Rollout of the monkeypox vaccine nationwide has been hamstrung by logistical, bureaucratic and technical errors, leaving many Americans frustrated and scrambling for scarce doses as experts and activists warn the government’s sluggish response may no longer be enough to contain the growing outbreak.
The Centers for Disease Control and Prevention expanded its vaccine push beyond people with confirmed exposures in June to include those most at risk of catching the disease, with most cities and states offering shots to men who have sex with men and transgender and non-conforming people who have sex with men (precise eligibility varies by location).
Vaccine supplies are severely limited—the US has ordered nearly 7 million doses but most will not arrive for months and present stock is not remotely close to meeting demand—and shots are distributed according to the number of monkeypox cases and vulnerable people states have, though the true scale of the outbreak is obscured owing to the slow rollout of testing,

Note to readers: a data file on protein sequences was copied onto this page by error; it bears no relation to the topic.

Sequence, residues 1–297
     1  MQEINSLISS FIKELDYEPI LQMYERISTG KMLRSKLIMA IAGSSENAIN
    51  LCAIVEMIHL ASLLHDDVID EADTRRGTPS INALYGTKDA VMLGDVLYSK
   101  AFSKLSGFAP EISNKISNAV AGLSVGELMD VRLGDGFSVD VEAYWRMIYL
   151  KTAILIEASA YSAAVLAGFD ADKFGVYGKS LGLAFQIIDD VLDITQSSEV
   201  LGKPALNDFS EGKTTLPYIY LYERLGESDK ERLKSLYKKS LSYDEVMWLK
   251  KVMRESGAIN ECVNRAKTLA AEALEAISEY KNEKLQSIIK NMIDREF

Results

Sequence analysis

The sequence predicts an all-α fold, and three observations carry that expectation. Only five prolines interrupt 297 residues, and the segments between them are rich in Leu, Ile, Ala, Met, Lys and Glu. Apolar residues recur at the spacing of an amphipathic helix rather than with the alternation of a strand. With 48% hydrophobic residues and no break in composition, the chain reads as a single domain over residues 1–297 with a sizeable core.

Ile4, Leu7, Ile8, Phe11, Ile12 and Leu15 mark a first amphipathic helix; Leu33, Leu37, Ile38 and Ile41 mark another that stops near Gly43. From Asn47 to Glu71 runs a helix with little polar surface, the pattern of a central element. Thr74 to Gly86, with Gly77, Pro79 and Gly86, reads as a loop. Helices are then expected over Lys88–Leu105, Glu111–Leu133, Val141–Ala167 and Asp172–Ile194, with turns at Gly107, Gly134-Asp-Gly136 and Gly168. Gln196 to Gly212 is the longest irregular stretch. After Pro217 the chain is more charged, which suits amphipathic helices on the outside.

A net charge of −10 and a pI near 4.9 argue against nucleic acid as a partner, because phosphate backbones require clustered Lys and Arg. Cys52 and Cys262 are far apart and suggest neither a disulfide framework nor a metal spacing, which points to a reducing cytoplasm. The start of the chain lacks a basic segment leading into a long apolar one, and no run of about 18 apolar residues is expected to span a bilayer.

The process of securing a coveted vaccination slot varies by location, ranging from being contacted directly by public health officials if exposed or at-risk, booking appointments in areas including New York City, Washington, DC, and Miami-Dade CountyFlorida, and walk-in shots in some cities like Chicago, San Francisco and Los Angeles,
Public health officials, including CDC head Dr. Rochelle Walensky, acknowledge the paucity of doses and the shortage has sparked long queuesfierce scrambles for appointments—in hotspots like New York City and Washington, DC bookings have filled up within minutes—clinics closing due to a lack of doses and huge waitlists for when supplies come in.